In recent times,  the fact that according to the World Bank, a billion people, or about 15% of the world’s population, experience some form of disability; physical or mental has triggered the channeling of more efforts in the global business world into promoting disability inclusion as a key part of their Diversity, Equity, and Inclusion (DEI) compliance efforts and strategies.

A disability may be described as a form of handicap that could be either physical or mental. It may be a handicapped that has an effect on bodily functions such as affecting sight, hearing, speech, mobility, immune or respiratory system, etc. a person is said to be living with a disability where such handicap or impairment places a restriction on some major life endeavors in the person’s life.

Disabilities can be of a physical nature, such as an inability to walk due to amputation, or muscular or neurological dysfunction. A disability may also be of a sensory nature, such as blindness or deafness. It can also be cognitive as in the cases of brain damage or mental retardation, etc.

A person with a physical or mental disability refers to a person who has a physical or mental impairment that substantially limits one or more of such person’s major life activities, has a record of such impairment, or is deemed as having such impairment.

The clamor for the protection of persons living with disability from discrimination in employment, and work processes are in a bid to reduce the adverse socio-economic outcomes that persons living with disability are more likely to experience. The mostly negative outcomes include lack of or half education, poorer health outcomes, lower levels of employment, and higher poverty rates.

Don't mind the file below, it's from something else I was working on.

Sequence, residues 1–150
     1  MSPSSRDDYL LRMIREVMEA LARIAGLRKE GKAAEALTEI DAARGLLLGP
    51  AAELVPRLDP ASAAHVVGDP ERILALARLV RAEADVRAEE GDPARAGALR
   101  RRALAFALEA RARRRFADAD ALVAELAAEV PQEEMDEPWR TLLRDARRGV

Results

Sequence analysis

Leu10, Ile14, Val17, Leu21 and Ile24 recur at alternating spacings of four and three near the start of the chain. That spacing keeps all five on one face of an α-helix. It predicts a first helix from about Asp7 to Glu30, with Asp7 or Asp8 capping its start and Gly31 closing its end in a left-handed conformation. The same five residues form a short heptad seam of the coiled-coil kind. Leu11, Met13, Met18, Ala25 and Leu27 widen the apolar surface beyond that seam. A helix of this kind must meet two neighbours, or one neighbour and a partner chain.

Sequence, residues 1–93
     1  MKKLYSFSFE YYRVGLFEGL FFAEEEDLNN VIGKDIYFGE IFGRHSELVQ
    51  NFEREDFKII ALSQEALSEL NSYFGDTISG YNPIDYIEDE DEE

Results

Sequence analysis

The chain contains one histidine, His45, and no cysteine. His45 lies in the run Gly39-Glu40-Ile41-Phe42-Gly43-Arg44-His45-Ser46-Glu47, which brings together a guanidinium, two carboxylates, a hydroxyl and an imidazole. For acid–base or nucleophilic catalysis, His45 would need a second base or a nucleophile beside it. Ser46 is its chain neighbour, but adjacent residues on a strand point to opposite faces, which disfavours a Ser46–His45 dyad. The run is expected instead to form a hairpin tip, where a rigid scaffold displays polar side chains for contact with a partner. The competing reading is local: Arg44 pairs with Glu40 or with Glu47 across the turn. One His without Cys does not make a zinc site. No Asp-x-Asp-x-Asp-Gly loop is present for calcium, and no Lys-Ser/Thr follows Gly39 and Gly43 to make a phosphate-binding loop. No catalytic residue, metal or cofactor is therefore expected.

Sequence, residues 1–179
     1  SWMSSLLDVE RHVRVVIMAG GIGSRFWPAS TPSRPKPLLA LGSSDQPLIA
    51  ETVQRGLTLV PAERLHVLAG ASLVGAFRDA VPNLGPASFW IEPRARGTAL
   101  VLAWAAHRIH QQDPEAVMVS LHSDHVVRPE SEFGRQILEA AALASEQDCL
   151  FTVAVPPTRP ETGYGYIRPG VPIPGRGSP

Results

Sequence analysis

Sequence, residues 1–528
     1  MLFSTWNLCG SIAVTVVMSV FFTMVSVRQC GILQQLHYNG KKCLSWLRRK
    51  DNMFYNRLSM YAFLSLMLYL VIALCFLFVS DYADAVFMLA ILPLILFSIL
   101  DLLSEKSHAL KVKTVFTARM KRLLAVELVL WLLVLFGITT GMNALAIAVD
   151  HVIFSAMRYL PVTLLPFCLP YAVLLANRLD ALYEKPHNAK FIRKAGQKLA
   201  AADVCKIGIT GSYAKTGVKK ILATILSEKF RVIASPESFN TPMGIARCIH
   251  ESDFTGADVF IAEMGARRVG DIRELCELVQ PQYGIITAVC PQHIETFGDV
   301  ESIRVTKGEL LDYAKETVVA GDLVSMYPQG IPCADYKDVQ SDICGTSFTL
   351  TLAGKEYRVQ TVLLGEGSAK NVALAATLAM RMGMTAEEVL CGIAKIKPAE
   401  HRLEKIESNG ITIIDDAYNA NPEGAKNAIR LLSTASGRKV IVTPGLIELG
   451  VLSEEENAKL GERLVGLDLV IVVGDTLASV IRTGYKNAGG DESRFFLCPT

Employing persons living with disability should not be something done to tick off some DEI boxes in tokenism, rather it should be viewed and treated as a valuable opportunity with benefits. This is because employing disabled workers is capable of easing talent shortages in an organization. Also, it organically improves the company’s organizational diversity, which drives innovation and better decision-making.

Some of the ways in which a company can show inclusion in relation to persons living with a physical or mental disability include, the provision of assistive technology, accessible work environment, organizing of disability etiquette training programs, etc. People with disabilities need to feel welcome, included, and comfortable with their physical working space, and organizations need to take note of this in their DEI efforts.

In addition to the above, disability etiquette is key to the inclusion of persons living with disabilities as it seeks to promote respect for the person and feelings of disabled persons. It involves the use of ‘person first’ language that places personhood first during conversations relating to a person’s disability. The language is geared towards ensuring that people are rated above their obvious disability and not confined condescendingly into it.

It is also recommended as part of disability etiquette that any communication with persons with disability that suggests that they should be viewed with some sort of compassion due to a perceived limitation should be avoided.